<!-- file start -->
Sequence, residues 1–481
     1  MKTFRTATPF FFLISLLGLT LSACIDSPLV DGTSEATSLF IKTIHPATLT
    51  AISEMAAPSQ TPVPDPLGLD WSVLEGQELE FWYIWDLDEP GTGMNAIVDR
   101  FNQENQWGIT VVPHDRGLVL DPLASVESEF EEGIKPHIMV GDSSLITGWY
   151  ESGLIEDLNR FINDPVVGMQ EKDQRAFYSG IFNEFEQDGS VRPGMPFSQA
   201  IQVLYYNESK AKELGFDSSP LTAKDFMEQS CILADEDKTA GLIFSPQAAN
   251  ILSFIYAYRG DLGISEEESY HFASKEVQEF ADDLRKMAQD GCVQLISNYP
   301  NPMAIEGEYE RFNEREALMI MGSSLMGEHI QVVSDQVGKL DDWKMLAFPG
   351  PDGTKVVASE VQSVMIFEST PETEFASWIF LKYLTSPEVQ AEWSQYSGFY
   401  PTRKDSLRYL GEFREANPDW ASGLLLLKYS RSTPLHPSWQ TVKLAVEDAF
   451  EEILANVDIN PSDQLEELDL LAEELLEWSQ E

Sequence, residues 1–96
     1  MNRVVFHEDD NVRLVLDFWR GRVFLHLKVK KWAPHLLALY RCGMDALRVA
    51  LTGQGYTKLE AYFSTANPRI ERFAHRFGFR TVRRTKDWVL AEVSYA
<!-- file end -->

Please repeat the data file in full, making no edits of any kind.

Sequence, residues 1–481
     1  MKTFRTATPF FFLISLLGLT LSACIDSPLV DGTSEATSLF IKTIHPATLT
    51  AISEMAAPSQ TPVPDPLGLD WSVLEGQELE FWYIWDLDEP GTGMNAIVDR
   101  FNQENQWGIT VVPHDRGLVL DPLASVESEF EEGIKPHIMV GDSSLITGWY
   151  ESGLIEDLNR FINDPVVGMQ EKDQRAFYSG IFNEFEQDGS VRPGMPFSQA
   201  IQVLYYNESK AKELGFDSSP LTAKDFMEQS CILADEDKTA GLIFSPQAAN
   251  ILSFIYAYRG DLGISEEESY HFASKEVQEF ADDLRKMAQD GCVQLISNYP
   301  NPMAIEGEYE RFNEREALMI MGSSLMGEHI QVVSDQVGKL DDWKMLAFPG
   351  PDGTKVVASE VQSVMIFEST PETEFASWIF LKYLTSPEVQ AEWSQYSGFY
   401  PTRKDSLRYL GEFREANPDW ASGLLLLKYS RSTPLHPSWQ TVKLAVEDAF
   451  EEILANVDIN PSDQLEELDL LAEELLEWSQ E

Sequence, residues 1–96
     1  MNRVVFHEDD NVRLVLDFWR GRVFLHLKVK KWAPHLLALY RCGMDALRVA
    51  LTGQGYTKLE AYFSTANPRI ERFAHRFGFR TVRRTKDWVL AEVSYA